Sealing leaks to save energy

Sealing leaks to save energy

Home Truths

Little known fact: Your house breathes. A typical home is supposed to exhale about 33 per cent of its air every hour, sparing your lungs from mold, dust and other tiny invaders.

My house doesn’t breathe. It hyperventilates. Every hour it purges about 75 per cent of its air – which is fine for my family’s health, but it kills me to think that we pay to heat that air and then quickly set it free.

Job No 1 – locating the leaks – was a challenge. My home has foam insulation, fiberglass insulation, insulated windows, weatherstripping and enough caulk to seal a ship. How exactly does 75 per cent of my air escape every hour? I posed the question to residential energy specialists, and in the process learned some tricks – a few of which will also help apartment dwellers, who usually have no worries about foundation cracks or attic insulation.

Finding a leak is easy, they said. Get a blower door, which depressurises a house so that even the tiniest drafts blow like a stiff wind. Second choice: a laser thermal leak detector, which will identify the cold spots that coincide with leaks.

Incense to reveal leak

The most cost-effective sleuthing device, though, is even cheaper and may already be in your home – a stick of incense. Pick a breezy day and pass the burning stick near any seam in your house, and the smoke will reveal where the leak is. I took a lighted incense stick around my doors and windows, and the technique worked fairly well, even if I grew completely sick of the smell after a while.

But it was later found that I’d missed some spots I hadn’t even thought to check, like the seam between my fireplace and the wall, and my baseboard heaters. My two biggest omissions were the attic and the basement. “If your attic access is inside the house, that’s a big one to watch for,” an expert said. “If it’s not well sealed, it’s like leaving a big door open.”

At some point in the last few years, I lost a bolt that secured one of the two big springs in my drop-down attic ladder, leaving one corner sagging about a half-inch from the ceiling. I never considered the effect that sag might have on my budget until I envisioned air streaming through the gap.

As for the basement, “Check the places where all your piping is coming and going,” another expert said. “Sometimes things happen, like your house might settle, and it’ll open a pretty good-sized crack.” To spot those leaks, try this: Go to the basement in the daytime, but keep the lights turned off. Depending on the angle of the sun, you may detect cracks from the daylight shining through the foundation.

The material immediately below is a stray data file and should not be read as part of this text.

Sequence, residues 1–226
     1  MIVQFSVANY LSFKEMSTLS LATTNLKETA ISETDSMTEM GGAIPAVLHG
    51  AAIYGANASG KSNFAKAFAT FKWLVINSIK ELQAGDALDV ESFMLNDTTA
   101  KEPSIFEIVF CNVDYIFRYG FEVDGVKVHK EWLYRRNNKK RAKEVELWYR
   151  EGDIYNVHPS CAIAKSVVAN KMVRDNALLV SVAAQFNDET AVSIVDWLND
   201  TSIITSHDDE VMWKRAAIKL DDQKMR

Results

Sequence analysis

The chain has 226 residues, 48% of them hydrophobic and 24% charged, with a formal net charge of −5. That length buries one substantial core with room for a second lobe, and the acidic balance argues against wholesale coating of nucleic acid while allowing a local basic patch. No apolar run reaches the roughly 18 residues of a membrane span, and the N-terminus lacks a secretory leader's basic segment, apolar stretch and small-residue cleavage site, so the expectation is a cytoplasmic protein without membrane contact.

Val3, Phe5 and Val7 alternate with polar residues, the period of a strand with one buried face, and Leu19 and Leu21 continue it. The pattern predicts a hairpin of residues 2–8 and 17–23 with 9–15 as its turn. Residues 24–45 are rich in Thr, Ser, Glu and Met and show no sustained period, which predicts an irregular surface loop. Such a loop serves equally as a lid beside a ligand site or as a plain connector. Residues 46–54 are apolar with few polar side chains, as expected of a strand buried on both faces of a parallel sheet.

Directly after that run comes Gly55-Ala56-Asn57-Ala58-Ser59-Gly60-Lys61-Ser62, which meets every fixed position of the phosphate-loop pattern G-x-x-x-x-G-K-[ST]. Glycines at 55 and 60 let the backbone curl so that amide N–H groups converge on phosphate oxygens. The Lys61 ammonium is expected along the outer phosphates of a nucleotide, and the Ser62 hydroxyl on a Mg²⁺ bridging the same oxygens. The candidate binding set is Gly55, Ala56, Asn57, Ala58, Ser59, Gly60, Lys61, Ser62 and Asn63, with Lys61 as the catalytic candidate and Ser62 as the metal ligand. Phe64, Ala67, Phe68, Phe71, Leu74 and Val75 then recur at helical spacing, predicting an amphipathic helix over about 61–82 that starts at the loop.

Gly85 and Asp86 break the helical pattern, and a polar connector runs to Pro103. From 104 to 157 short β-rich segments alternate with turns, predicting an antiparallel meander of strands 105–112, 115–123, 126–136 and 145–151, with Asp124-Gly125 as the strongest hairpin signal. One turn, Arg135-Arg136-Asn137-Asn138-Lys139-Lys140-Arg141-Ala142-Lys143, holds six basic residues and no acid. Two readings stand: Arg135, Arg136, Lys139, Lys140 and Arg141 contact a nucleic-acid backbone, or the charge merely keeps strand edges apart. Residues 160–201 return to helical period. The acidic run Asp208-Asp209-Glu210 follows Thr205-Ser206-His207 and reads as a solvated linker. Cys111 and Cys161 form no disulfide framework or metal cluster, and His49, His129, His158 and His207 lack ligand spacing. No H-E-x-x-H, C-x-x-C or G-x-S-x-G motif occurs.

This exercise actually solved two mysteries. The pipes to my outside water spigots apparently travel through holes big enough to accommodate much airflow – and many mice. Basement doors are another area of vulnerability, since people often pay little attention to how well they’re constructed or maintained. In my case, the frame was surrounded with gaps that had probably been there the entire decade we’ve lived in the house.

Last, a word to those with central air or central heat: Try the incense trick around the seams of the ductwork. Even a small gap can allow costly leaks. Now on to Job No 2 – plugging the leaks. You’ll need to spend some cash – except in one area, that is.

Every place I’ve ever lived has had a front door draft, and just about every front door nowadays has a threshold with three big screws. But those screws don’t simply keep the threshold in place. Turn them counterclockwise and the threshold rises, closing out the source of a nagging draft. When the weather turns warm and humid, you can reverse the process if the door is too tight to close. Thus ends the cost-free portion of this process.

If your doorway lacks adjustable thresholds, install a rubber door sweep. Weatherstripping, widely called foam, is also a must, for doors and windows. If you have an unheated section of basement, be sure the door to that section is firmly sealed – unlike mine, which has a hole for a cat door cut into it.

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